Pat Buchanan has a typically powerful piece, "After the War," that warns of what comes "after the celebratory gunfire when wicked Saddam is dead." Mene Mene Tekel Upharsin: "We have started up the road to empire and over the next hill we will meet those who went before." The smart and snappy Stuart Reid, of the [UK] Spectator, explains the stance of those Englishmen who tire of seeing their Prime Minister in the role of Bush’s poodle. Kevin Phillips on "Why I Am No Longer A Conservative" is a challenge to the Right to reject corporatism, which he calls "Wall Street Socialism." In a tour de force, he ties this directly into the war hysteria:

"’Military socialism’ – in its pure form, plus the new homeland security entrepreneurialism – is one of the fastest-growing jewels in the crown of unfree-market economics."

Go, Kevin, go! And there’s more:

"But even the joys of Pentagon contracts negotiated by marketing vice-presidents who used to be Air Force generals pale next to the achievements of the newest form of unfree enterprise: bailouts, the collectivization of private risk, and the emergence of a financial sector better protected by government rescues, preferences and guarantees than manufacturing ever was by tariff protection."

The Old Right is back! For, whether the author knows it or not, here is an echo of John T. Flynn‘s trenchant and prophetic analysis of the rise of the Welfare-Warfare State, in his seminal work, As We Go Marching, written as the U.S. entered World War II. Speaking of the Old Right, my own article in this inaugural issue, "Now Entering Imperium," gives me the chance to quote Garet Garrett, my favorite author – and that’s all I’m going to tell you about it in the hope that you’ll rush out and buy a copy! (Borders has it.) Or maybe even subscribe….

Peggy Noonan wants an "epochal" debate, one that resembles a high-school debating society in which the opposing teams articulate their best arguments, and the discussion is conducted in a civil and even a scholarly manner. Fat chance! The War Party is hungry for blood, and they aren’t employing the Marquess of Queensbury rules to get their meal. Lies, innuendo, smears, legal measures, hate campaigns, cyber-warfare (do you want to know how many times we and other antiwar site have been attacked by would-be hackers?). Before this is over, I wouldn’t be at all surprised if our war-birds tried to pull off a provocation – a staged act of "terrorism" that can be attributed to the Iraqis. That’s how badly they want this war.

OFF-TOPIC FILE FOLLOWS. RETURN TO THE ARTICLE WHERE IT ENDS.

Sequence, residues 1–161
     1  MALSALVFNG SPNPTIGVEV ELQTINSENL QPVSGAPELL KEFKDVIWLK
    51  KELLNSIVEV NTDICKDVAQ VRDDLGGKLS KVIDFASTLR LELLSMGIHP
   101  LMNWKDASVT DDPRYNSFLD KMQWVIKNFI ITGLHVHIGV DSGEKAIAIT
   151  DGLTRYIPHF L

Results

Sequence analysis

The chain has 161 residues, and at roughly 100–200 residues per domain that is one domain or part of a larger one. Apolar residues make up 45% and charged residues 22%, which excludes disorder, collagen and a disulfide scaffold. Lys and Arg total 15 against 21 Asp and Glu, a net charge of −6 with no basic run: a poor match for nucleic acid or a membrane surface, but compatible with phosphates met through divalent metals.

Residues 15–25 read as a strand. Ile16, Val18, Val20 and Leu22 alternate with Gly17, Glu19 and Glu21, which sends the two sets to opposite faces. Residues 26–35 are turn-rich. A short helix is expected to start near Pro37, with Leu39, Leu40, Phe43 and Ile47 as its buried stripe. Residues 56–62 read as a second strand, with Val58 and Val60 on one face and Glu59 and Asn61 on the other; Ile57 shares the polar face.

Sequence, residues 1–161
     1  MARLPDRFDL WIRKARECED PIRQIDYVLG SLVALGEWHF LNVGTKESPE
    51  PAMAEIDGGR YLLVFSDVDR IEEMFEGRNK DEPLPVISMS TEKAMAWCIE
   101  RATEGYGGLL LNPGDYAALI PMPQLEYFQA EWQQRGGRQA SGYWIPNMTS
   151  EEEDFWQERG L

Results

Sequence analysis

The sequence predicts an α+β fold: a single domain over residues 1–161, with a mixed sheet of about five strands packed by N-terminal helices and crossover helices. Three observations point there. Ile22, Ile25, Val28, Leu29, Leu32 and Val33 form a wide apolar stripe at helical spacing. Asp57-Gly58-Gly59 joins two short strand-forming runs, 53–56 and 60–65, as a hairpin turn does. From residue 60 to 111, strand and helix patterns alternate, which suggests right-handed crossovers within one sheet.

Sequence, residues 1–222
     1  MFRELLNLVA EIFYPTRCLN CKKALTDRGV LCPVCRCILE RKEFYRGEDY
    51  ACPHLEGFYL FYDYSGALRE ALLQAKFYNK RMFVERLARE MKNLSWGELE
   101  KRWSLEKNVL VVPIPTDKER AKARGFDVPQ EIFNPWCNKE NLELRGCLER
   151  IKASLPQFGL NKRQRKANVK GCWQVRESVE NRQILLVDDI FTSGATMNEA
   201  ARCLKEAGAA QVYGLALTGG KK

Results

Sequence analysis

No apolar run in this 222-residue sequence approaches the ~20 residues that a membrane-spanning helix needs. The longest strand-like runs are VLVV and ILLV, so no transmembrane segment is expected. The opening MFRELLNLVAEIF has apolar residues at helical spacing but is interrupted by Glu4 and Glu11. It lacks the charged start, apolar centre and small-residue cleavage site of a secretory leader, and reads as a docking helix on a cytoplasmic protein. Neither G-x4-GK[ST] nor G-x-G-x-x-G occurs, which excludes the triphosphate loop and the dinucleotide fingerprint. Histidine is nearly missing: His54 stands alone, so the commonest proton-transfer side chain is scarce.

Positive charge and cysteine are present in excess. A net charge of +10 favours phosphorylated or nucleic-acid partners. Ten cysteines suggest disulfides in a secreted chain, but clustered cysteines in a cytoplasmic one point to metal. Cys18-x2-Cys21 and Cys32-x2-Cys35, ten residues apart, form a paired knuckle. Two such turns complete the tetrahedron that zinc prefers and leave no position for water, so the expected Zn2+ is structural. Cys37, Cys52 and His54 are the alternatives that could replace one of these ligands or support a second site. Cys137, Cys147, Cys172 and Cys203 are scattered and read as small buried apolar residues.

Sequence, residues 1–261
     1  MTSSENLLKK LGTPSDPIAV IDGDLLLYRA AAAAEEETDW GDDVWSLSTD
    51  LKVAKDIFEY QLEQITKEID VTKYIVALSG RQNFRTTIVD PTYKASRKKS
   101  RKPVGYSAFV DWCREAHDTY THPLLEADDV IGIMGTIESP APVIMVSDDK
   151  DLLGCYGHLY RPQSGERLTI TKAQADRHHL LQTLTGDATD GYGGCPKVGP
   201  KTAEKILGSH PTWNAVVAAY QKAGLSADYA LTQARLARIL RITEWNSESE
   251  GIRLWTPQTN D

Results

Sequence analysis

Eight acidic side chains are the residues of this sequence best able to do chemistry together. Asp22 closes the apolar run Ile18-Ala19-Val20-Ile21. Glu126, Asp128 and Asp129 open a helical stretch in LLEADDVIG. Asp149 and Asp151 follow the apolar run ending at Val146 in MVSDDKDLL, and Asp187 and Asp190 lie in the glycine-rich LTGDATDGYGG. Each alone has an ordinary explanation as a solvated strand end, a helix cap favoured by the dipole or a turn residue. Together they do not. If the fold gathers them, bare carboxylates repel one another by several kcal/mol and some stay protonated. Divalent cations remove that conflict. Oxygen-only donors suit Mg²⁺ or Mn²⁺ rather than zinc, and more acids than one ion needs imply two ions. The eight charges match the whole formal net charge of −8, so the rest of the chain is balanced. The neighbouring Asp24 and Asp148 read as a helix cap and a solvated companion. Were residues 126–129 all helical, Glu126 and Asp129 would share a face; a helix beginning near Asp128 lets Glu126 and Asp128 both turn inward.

An all-important aspect of the War Party’s tactics is the launching of a smear campaign, designed to attribute "anti-Semitism" to any and all manifestations of antiwar sentiment. It then becomes the intellectual equivalent of Kristallnacht to say aloud what geography and common sense tell us: that this war, if not in America’s best interests, is certainly of great benefit to Israel. Alex Cockburn has recently been slimed in this manner; Buchanan and Taki have been smeared with the same brush – and even I have been attacked as "anti-Semitic" by some pretty nasty characters in the "blogosphere." If you have the stomach for it, check out this nasty little thread – which, I might add, was advertised and orchestrated by Glenn Reynolds, the War Party’s water-boy. These pathetic geeks, who call themselves "warbloggers," thought the J.C. Penney war atrocity action figures featured on our front page the other day were waaaay cool. Yet more anecdotal evidence underscoring my contention that the advocates of this war are just the sort of overweight pasty-faced pimple-pocked losers who would never go anywhere near the field of battle themselves.

So the War Party plays nasty – we already knew that, didn’t we? But what they don’t seem to realize that two can play at that game. Not that our side will resort to lies, character assassination, and brass knuckles to make our point – we won’t have to. Because when it comes to our chicken-hawks, the truth will suffice.

Author: Justin Raimondo

Justin Raimondo passed away on June 27, 2019. He was the co-founder and editorial director of, and was a senior fellow at the Randolph Bourne Institute. He was a contributing editor at The American Conservative, and wrote a monthly column for Chronicles. He was the author of Reclaiming the American Right: The Lost Legacy of the Conservative Movement [Center for Libertarian Studies, 1993; Intercollegiate Studies Institute, 2000], and An Enemy of the State: The Life of Murray N. Rothbard [Prometheus Books, 2000].